William Tierney Clark, a famous English civil engineer and bridge designer, presented three different chain bridge plans. On the proposal of the National Delegation, the plan of the three-hole chain bridge was proposed at Széchenyi’s proposal, and Clark’s plan version was adopted on 18 September 1838. The contract was written, authorizing the Lánchíd Rt. Company founded by Sina to build the bridge. According to Willam Tierney Clark’s plan, the bridge should be built as a three-link chain link in the line of the Nacola House, and its pillars must be paved with stone masonry. The contract was signed by Nazor József on behalf of the Hungarian nation and György Sina on behalf of Lánchíd Rt.
Since the designer was not always able to be on the spot, he appointed his former colleague, an experienced English engineer, Young, his deputy, to which Széchenyi also contributed. However, because of his illness, Young was unable to take on the assignment. That was when Ádám Clark, as construction manager, came into play. Since he had proven his work earlier, it was hoped that he could do the job.
On July 28, 1840, the first pile was beaten at the bedrock in Buda. It took two years for the piles to be crushed, and it took eight hundred at the same time. English workers (machine operators, ironworkers, pre-workers – about 60 families) also moved to Hungary to manage predominantly local workers.
It was first built on the Pest Bridgehead, where on August 24, 1842, the Chain Bridge ceremony was held with hundreds of invited guests, including the reeds.
The chains were mounted quite quickly. On March 28, 1848, the first chain link was closed in the Pest chain chamber, and on July 8, the first chain of the middle bridge was lifted, and its last installation began on July 18th. In all three bridge openings, four or four chain pulls had to be taken. Eleven went wrong, but the last one happened. One chain linking the chainwheel snapped, the chain shattered on the float, which it smashed and then fell into the Danube. The people who visited the stand, including István Széchenyi, also fell into the Danube. In the course of the accident, a worker lost his life and four weeks of delays in the work, because it took so much time to highlight and then replace the bridging chain falling into the water.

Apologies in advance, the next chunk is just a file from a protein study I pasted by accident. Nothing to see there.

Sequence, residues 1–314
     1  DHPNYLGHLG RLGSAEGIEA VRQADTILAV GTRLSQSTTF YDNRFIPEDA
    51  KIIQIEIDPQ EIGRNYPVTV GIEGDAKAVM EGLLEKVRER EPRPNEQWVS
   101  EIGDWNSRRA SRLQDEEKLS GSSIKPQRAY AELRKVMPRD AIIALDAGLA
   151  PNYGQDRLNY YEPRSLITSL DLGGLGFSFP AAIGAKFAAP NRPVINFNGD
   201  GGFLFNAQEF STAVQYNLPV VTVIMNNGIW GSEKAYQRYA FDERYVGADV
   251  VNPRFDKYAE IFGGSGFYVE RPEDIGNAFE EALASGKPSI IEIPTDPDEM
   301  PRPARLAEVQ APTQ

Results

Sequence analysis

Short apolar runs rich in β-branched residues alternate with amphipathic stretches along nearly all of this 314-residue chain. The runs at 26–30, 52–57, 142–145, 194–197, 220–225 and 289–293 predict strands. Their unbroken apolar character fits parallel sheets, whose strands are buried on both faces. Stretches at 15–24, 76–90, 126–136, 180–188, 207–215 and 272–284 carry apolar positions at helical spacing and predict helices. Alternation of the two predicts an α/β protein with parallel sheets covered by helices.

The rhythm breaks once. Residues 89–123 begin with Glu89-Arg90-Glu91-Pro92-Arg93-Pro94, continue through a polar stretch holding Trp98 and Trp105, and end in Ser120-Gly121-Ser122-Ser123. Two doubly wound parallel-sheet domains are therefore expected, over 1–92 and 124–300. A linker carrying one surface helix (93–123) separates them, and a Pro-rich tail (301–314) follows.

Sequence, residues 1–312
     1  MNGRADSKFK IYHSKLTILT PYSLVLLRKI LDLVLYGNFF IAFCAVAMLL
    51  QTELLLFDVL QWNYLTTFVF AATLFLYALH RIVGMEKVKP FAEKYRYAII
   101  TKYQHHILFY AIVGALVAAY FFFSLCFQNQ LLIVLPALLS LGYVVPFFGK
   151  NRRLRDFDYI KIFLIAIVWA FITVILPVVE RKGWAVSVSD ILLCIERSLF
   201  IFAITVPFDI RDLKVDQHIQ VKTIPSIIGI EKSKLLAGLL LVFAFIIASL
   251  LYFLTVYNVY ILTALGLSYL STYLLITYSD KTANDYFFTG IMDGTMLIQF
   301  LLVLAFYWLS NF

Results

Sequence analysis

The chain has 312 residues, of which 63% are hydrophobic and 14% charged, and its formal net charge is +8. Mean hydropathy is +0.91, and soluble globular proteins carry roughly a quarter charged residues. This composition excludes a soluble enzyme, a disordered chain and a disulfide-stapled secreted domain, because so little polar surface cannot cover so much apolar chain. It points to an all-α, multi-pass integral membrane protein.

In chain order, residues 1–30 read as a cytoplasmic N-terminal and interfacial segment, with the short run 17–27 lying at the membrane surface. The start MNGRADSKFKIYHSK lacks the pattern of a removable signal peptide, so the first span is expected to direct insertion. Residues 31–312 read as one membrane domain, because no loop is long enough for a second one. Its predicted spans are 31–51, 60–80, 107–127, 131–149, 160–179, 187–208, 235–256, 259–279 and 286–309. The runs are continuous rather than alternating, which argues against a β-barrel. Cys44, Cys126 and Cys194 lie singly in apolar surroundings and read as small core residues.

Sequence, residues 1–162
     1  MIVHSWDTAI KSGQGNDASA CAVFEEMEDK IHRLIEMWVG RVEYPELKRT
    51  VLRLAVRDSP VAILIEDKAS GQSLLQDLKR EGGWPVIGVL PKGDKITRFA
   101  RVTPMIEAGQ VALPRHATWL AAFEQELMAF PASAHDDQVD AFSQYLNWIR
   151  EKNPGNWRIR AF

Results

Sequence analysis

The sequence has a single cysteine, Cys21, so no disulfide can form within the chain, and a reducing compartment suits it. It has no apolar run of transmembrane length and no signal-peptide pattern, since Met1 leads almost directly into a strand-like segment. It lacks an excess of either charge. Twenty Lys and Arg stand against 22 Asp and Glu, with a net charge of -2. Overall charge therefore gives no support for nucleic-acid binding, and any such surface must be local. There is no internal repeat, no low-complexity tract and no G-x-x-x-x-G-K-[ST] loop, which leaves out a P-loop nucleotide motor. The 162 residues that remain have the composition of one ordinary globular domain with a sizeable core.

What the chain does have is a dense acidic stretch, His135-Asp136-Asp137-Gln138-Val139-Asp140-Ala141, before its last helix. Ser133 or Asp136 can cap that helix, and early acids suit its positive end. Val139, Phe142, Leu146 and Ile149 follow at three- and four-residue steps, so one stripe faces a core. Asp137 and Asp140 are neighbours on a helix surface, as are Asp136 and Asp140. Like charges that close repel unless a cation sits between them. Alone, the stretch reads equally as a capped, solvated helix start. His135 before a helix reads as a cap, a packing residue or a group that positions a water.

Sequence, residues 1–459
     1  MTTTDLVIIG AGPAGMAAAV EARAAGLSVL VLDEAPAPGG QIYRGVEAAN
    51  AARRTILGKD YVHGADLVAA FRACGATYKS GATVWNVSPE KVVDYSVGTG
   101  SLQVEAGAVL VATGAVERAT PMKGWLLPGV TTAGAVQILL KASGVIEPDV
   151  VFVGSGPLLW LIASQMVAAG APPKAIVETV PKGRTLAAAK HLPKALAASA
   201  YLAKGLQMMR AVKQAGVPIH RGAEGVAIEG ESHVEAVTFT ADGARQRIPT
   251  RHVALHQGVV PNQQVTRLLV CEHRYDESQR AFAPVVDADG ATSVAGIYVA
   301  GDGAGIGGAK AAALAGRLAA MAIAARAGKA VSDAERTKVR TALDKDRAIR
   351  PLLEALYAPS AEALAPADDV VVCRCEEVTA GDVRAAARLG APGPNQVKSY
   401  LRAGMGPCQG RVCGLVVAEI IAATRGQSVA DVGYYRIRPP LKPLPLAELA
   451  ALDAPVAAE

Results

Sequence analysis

During the War of Independence, construction slowed down, as were one and the other warring party wanted to make the almost finished bridge impassable, thus frustrating the enemy’s passage.
The architectural details of the bridge are classicist in style. The four stone lobbies created by János Marschalkó as decorative elements were erected only in 1852, and their base was the Széchenyi and Sina coat of arms, which was cast by András Gál. The gates were made up of a lion’s head, and the Hungarian crest with the crowns placed above it was decorated with a crown.
The bridge was handed over to traffic on November 20, 1849, and the date indicated at the Buda Bridgehead, November 21, indicates the beginning of customs clearance. For the completed bridge, the pedestrians were paying 1 crown, the pedestrians walking with the load 2, and the cow attendants 3, those with small carts 5, and those with large carts paid 10 cents. However, the passage had already begun on the bridge: first, on January 1, 1849, the country-commissioned car of Samuel Bónis passed over to Kossuth’s decree, carrying the Hungarian Holy Crown from Buda to Debrecen, accompanied by grenades.
It was never gone through the finished bridge, which was created by Count István Széchenyi. In a letter to Adam Clark read how much he wanted to understand this moment: “Yes and I trust that the Almighty will keep both of us until we see the creation of our great work.” in his work, for which he was headed by James Teasdale and he also received two to two thousand gold coins. He did not accept the Hungarian nobility offered to him, referring to the ancient Scottish nobility, but he cherished the tobacco box received as a gift from Joseph I of Joseph I throughout his life. At Clark’s funeral, in 1866, the Chain Bridge was mourning.
During the Second World War, all of Budapest’s bridges were blown up, and on January 18, 1945, the last was the Elizabeth Bridge and the Chain Bridge. The decision to rebuild the Chain Bridge was born in the spring of 1947, and the reconstructed bridge was handed over to traffic on November 20, 1949, on the hundredth anniversary of the opening of the original bridge.
The Chain Bridge in Public Life
In the course of the Chain Bridge, it became one of the most important symbols of Budapest, and its photograph is an almost indispensable element of the presentation materials about Budapest or Hungary. The Chain Bridge was depicted on several Hungarian money, most recently on the 200 forint coin released in 2009. The birth of the bridge is also the subject of a historical film titled Bridge Bridge, one of the largest Hungarian films ever made.